• Aaron Corder

        Thank you for the encouragement. I will read the article regardless. I think we can something from everything we read even if it doesn’t apply directly to our life right now. Thank you again.

  • John (Jean C) Blais

    Right on Celes,

    I hope Max reads and rereads your post in answer to his questions. There are so many truths imbedded that they are easily missed on first reads. I have been around for a long time and I consider my life very successful, yet I have more “failures” in my career than I can count using both hands. The interesting thing is that some very important people viewed some of those as successes.

    I have found for myself that the degree to which I qualify a project as a failure is directly proportionate to my level of expectations. I learned a long time ago that unrealistic expectations were the result of an incomplete evaluation of the opportunity, the effort required and the potential that exists.

    So for your next project Max I would suggest you evaluate it in the most rigorous way possible, perhaps as if you were a consultant evaluating a business prospect for someone else. In fact, you might try and sell your business idea to a number of people you respect before you adopt it emotionally. Once it passes those tests then go for it. The ride is worth the risk. Best wishes.

    • Max

      Hi John,

      It is easier to “know” that there might be many failures behind a success, but to actually live it is something different. It’s good to be reminded of this concept by someone who’s been through it though. Thank you.

      If I ever try launching a new business in the future (something tells me I might ;) I’ll do my best to follow your advice, and become my own “business consultant/devil’s advocate” as well as run my ideas through people I trust.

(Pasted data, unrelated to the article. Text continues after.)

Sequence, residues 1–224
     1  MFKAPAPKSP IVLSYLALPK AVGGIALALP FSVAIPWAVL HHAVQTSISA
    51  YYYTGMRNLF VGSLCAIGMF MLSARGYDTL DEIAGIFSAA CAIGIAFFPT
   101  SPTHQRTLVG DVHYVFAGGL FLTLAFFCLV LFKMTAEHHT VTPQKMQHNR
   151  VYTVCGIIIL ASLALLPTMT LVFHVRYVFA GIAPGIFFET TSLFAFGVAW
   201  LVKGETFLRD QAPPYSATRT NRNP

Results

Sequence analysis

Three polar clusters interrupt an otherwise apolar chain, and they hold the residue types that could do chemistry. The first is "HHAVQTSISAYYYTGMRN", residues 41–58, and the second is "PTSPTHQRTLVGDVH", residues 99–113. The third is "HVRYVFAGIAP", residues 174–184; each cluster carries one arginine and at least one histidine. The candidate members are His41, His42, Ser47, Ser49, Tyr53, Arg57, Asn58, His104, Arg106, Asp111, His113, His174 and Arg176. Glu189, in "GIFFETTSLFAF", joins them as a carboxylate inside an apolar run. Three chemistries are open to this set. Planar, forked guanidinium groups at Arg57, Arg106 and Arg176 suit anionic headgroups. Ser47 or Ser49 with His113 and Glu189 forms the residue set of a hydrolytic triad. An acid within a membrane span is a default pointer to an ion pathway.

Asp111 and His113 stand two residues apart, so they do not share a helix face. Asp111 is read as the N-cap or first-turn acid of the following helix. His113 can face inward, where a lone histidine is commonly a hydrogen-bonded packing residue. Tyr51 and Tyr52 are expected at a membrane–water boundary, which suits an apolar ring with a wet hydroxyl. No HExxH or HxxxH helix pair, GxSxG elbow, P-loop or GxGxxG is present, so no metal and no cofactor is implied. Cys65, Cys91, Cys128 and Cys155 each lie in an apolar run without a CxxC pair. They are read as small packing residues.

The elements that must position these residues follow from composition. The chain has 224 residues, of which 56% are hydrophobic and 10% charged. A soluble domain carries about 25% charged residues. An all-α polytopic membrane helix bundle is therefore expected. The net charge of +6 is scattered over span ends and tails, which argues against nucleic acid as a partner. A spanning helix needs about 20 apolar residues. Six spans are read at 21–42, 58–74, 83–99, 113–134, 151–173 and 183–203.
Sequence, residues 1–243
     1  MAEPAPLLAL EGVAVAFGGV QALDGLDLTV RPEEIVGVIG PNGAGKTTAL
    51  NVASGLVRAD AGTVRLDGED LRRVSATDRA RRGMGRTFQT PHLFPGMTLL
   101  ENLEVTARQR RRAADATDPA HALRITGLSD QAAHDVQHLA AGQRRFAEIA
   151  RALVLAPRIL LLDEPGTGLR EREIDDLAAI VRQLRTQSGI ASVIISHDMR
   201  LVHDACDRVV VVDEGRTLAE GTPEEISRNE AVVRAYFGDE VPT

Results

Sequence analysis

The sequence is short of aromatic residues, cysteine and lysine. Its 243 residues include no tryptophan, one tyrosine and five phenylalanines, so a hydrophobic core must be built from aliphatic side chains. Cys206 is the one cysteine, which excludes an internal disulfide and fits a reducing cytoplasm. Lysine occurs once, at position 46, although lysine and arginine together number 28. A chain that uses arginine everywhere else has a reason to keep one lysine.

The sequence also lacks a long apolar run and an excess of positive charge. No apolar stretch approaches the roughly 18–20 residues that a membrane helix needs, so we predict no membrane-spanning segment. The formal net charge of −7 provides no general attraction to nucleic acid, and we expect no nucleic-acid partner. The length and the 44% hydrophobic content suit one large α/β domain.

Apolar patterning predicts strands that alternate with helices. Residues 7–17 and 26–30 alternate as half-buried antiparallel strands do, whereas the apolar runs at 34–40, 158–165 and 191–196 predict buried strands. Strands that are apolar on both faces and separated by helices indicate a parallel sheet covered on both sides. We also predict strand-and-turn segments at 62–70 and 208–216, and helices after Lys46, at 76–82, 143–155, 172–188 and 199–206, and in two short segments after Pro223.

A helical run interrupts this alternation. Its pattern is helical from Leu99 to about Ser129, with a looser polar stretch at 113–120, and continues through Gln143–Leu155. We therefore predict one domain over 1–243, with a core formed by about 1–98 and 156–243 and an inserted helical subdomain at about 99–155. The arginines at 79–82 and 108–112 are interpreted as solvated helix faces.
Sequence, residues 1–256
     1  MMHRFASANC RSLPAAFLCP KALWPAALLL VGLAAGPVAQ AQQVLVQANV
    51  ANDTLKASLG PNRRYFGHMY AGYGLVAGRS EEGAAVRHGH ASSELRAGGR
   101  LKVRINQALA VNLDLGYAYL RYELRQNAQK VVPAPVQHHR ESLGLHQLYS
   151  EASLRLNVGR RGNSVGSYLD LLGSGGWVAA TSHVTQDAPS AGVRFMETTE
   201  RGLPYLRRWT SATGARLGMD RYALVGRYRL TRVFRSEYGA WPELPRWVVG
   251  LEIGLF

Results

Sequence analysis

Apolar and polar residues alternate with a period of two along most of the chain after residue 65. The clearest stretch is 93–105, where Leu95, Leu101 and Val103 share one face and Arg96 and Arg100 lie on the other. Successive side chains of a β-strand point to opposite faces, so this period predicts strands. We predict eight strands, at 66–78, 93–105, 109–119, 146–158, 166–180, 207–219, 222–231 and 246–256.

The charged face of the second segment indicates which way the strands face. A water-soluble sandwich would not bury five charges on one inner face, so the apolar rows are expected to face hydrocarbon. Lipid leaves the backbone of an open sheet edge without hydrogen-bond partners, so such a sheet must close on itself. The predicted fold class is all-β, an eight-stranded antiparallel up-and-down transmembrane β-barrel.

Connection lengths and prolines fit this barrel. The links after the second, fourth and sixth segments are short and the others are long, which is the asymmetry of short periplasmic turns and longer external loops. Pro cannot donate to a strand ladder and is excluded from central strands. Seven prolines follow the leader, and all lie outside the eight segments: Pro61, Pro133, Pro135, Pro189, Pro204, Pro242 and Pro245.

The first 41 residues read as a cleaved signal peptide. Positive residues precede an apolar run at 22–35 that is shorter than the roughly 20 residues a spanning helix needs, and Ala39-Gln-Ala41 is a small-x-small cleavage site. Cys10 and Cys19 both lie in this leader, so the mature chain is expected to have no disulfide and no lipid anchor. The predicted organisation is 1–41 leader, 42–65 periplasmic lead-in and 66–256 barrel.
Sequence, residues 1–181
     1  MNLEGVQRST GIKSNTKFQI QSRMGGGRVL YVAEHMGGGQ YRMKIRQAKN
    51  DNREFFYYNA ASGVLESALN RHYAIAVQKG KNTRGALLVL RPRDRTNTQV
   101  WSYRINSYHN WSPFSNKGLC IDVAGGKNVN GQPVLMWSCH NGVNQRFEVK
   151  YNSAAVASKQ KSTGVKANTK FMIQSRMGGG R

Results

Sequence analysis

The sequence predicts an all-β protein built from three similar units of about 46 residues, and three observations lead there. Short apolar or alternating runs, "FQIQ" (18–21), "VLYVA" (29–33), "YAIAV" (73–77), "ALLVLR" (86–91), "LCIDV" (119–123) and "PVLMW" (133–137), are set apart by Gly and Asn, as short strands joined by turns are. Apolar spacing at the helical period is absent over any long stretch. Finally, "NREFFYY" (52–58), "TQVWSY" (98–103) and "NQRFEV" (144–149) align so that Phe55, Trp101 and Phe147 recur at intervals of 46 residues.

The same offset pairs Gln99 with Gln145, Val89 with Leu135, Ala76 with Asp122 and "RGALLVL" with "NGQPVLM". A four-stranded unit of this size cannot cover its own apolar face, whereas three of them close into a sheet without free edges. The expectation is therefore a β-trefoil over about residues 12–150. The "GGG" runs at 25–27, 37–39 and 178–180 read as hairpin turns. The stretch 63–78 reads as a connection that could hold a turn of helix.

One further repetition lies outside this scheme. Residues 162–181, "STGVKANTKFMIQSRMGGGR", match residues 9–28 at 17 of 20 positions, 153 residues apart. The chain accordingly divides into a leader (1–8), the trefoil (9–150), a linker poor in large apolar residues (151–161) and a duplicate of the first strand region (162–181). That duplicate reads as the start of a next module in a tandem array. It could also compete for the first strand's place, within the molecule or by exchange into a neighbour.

Best wishes to you as well,

  • Ellen Katsidzira

    Hi Celes,I have been enjoying your response to Max and get encouragement to the fact that everyone who sets out to succeed eventually succeeds. I have been working in the corporate world for the past 25 years and I have always wanted to be my own boss
    and as I read your articles,I have drawn encouragement to identify and pursue my dream.Thank you Celes.

    • Celes

      Hey Ellen, I’m so glad that you have been enjoying the response and I’m glad that you have managed to draw inspiration from the post for yourself too! Please keep going and never ever give up on your dreams; you will realize them sooner than you may think. :hug:

  • Ruth

    I love this post, Celes! This is so timely, because I’ve just launched my new website, on which I’m building my business. As I embark on this journey, I keep reminding myself of something that motivational expert Brian Tracy said, which is that “There are no failures in life, just feedback”. Feedback about the strategies, methods, products etc. So what we need to do is to keep finding for that something that will work! Max, I hope this gives you a new perspective as well as it did for me :) Don’t give up on your dream, if starting a business is truly your dream and not just a wish. Max, may you live an abundant, fulfilling life doing what you love!

    • Celes

      Hi Ruth, I love that point regarding no failures, only feedback! That is so true and I absolutely believe in that. Failure is only in the mind, and if we understand that every seeming “setback” or “failure” is really just experience that helps us grow and ultimately “succeed” (where success is up to our definition), then really, there is no reason why any of us can’t eventually succeed and live the life that we want.

    • Max

      Thank you Ruth for your kind encouragements. I hope your new website works out! Building a new business can be both very exiting and scary at the same time.
      Good Luck!

  • Jennifer

    Hi Celes, you should have Max read The Millionaire Next Door. I don’t have a copy of the book currently so I can’t quote it directly but I seem to remember it saying that of those who accumulated their wealth through owning their own businesses, most had an average of 10 businesses fail before they found one that works.

    • Celes